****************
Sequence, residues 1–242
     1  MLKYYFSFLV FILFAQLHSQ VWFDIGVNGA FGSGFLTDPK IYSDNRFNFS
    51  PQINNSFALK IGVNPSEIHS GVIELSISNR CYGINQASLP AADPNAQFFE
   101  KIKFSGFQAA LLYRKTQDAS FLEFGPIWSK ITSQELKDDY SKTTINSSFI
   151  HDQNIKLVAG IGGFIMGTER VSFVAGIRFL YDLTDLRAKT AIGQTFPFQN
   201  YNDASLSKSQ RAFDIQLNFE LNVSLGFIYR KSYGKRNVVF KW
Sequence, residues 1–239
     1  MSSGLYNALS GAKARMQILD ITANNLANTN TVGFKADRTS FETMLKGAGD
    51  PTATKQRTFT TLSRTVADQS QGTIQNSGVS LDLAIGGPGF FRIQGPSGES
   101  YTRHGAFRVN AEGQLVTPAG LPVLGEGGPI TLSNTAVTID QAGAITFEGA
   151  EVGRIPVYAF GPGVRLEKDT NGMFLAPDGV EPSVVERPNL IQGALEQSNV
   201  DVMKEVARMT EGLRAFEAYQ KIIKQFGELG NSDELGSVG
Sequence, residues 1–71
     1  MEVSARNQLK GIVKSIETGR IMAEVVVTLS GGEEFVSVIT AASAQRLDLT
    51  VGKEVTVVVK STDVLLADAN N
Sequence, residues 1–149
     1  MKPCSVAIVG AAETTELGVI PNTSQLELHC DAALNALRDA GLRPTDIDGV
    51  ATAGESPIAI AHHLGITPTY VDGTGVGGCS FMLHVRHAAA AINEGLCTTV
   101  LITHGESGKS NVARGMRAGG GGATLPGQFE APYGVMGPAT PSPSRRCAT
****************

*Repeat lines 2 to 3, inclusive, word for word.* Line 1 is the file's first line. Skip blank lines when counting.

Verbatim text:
     1  MLKYYFSFLV FILFAQLHSQ VWFDIGVNGA FGSGFLTDPK IYSDNRFNFS
    51  PQINNSFALK IGVNPSEIHS GVIELSISNR CYGINQASLP AADPNAQFFE